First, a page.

Like most aspects of bereaved parenthood, a holiday celebrating moms feels complicated. "I feel your pain," one mom writes to her fellow grieving mothers. 

Sad Upset Woman Sitting on Park Bench
Credit: kittirat roekburi/Shutterstock

Dear grieving mother,

I feel your pain. I know this day looks nothing like it should.

You don't know me, but you do know my heart—and I know yours. I carry your loss with me as an invisible security blanket as I go about my days. I think of you when I'm struggling, knowing somewhere out there, you're struggling, too. I imagine you holding your lifeless child or having to make horrific decisions, and I feel less alone. I am aware of how many aspects of your personality have shifted, how much you've suffered, how often you've felt shunned from our death-avoidant society. I will not demand that you count your blessings today, and you don't have to fake a smile.

Today, I hope you do whatever you want, although I realize that what you really want is your child and a "normal" day, ever again. But if a movie piques your interest, please, treat yourself. If junk food sounds okay, eat up. If you want to stay in bed all day, I hope you have cozy blankets and that you allow yourself that quietude. If you break down into a heaving mess on the floor, it's okay. You can't be expected not to. If you don't cry, or if this day seems insignificant, or if you feel numb, that's fine, too.

You might feel left out today. You'll likely sense the blurry line between your motherhood and your otherhood. Maybe today you won't see your baby's gummy grins, or your toddler won't give you an endearingly messy preschool creation with macaroni glued onto it. Maybe your big kid won't bring you breakfast in bed, or your teenager won't sheepishly offer you a card or say "Thanks, Mom." Maybe your collegiate child won't call you, or your adult child won't send you flowers. It's not fair, and I'm so sorry.

Ignore Mother's Day if that would be easier. Run errands, or keep yourself busy with small, achievable tasks around your home. You do not have to answer calls, open your door, or speak. You owe no one an explanation or an apology. If others don't understand, consider them lucky.

More than most others can, you can deeply appreciate why Barbara Bush's hair went gray in her 20s, or why Joe Biden didn't run for president in 2016, because, as he said, "I didn't have the emotional energy to do it." Let no one—I repeat, no one—tell you that you should or could feel differently if you would just do this or that. Your grief is not someone else's problem to solve. You're doing the best you can, and you know it. You don't need fixing. You are not a burden, today or any day.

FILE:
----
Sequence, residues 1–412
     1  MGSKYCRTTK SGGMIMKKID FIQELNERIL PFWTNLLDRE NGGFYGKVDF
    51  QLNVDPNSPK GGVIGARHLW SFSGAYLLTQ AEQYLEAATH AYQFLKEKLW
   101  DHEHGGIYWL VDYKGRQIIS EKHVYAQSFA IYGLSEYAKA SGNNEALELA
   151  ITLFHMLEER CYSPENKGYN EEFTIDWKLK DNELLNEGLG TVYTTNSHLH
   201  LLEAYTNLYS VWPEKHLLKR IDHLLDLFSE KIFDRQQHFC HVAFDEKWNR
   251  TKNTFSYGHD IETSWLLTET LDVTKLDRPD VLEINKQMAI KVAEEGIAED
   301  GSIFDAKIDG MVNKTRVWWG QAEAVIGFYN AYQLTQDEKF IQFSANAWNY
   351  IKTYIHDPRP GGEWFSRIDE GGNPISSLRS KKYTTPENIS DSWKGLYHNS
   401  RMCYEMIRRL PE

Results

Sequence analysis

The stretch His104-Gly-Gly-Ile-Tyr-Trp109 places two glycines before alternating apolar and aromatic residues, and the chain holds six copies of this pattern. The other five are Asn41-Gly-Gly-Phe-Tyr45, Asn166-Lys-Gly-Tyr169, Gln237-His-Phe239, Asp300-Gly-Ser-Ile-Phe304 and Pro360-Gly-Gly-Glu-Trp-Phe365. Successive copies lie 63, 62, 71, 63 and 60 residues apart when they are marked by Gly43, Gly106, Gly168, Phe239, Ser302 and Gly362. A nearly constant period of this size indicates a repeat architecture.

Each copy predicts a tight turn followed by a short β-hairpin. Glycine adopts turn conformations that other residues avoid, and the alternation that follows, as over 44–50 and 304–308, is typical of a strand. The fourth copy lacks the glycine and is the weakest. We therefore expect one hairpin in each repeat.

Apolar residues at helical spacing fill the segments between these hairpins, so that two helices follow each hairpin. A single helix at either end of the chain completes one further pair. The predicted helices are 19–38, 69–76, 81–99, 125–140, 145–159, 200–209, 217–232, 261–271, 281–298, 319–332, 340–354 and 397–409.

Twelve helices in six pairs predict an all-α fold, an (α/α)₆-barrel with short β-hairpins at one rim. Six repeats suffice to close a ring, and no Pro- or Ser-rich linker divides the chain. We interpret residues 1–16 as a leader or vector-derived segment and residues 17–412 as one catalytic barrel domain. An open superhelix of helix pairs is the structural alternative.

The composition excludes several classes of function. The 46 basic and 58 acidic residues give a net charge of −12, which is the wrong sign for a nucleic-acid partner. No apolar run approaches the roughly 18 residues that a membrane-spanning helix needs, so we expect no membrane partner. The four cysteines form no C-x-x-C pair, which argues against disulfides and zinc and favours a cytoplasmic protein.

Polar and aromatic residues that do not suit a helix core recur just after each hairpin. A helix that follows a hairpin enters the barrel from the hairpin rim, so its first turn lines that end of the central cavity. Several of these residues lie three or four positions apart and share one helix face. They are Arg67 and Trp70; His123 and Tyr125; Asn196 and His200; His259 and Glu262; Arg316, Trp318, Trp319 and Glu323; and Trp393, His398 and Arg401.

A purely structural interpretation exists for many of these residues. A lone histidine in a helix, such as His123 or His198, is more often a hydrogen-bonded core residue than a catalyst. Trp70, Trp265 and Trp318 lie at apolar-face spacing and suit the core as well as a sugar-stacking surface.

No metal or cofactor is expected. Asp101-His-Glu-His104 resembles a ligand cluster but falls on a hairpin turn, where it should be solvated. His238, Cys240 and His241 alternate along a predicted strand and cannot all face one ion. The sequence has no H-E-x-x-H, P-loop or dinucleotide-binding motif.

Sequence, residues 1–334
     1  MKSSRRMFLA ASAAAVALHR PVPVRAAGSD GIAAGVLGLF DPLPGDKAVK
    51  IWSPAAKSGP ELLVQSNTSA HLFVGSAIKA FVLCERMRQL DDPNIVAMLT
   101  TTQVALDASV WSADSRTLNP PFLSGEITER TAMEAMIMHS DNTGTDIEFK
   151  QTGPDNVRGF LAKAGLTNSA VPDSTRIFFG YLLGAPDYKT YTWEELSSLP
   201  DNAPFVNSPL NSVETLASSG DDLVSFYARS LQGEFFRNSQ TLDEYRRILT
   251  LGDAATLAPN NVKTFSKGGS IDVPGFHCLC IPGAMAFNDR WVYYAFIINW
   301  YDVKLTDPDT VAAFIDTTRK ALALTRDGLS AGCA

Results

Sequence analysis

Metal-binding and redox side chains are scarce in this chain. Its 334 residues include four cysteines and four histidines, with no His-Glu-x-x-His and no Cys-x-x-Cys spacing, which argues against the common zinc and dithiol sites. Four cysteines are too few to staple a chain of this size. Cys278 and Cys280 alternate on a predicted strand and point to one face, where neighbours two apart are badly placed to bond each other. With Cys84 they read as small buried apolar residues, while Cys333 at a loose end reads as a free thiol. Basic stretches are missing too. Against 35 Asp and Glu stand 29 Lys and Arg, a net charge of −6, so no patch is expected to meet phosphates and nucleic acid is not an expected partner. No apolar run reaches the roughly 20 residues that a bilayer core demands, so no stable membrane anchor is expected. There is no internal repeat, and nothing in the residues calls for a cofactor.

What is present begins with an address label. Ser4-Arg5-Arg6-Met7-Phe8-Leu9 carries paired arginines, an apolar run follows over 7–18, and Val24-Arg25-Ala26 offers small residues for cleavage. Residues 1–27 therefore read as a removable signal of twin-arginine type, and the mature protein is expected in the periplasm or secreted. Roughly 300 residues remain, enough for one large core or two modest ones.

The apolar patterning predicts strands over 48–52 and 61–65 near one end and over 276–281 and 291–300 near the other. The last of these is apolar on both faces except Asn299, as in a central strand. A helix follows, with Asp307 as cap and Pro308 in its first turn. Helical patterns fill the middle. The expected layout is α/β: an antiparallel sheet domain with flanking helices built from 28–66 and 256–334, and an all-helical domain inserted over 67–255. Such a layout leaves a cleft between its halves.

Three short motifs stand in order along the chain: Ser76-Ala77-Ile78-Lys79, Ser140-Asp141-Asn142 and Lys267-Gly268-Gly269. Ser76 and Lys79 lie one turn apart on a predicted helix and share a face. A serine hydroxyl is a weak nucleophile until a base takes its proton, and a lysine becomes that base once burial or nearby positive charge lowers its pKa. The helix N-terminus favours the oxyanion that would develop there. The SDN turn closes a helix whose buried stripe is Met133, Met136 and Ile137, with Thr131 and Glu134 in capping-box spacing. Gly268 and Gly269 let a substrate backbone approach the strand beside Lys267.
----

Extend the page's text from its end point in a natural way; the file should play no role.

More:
But if you do want to celebrate or acknowledge this day, you are more than entitled to do so. You're not only a mother, you're an unusually courageous, tender, tenacious one. Your child, like mine, might be your most pervading thought, the most influential human you've ever known, and the most ignored and minimized aspect of your life. You're a mother with an unwanted but hard-earned awareness of life's fragility. You know the brutal and mysterious complexity of loving your child across time and space, in this lifetime and into the next. You have earned your place at this table.

You probably have friends who've quietly slipped out the back door, although their absence feels loud. But I also hope you have solid supporters—even just one or two—who accept you as you are, without forced nudges toward the future, or changes of subject, or fixations on the positive despite your pain. And if you don't have those supportive people, please consider me one. I assure you, you are good enough, scars and all.

Grieving mother, you're tougher than anyone realizes, especially including yourself. I'm willing to bet there's nothing—literally, nothing—anyone can say or do that will rattle you today the way your child's death did. You've already faced the most incomprehensible, dreaded news a human can hear. Somehow, although perhaps you did not want to, you still woke up the next day. And the next.

For what it's worth, I look at you with boiling-over admiration. No other mothers stoke the flames in my heart like grieving ones. Whether you're in a season of waiting, or hurting, or hoping—or all of the above—you matter. Remember this today: you are not alone. Grieving mother, we're in this together.

Missing your child and mine,

Another grieving mother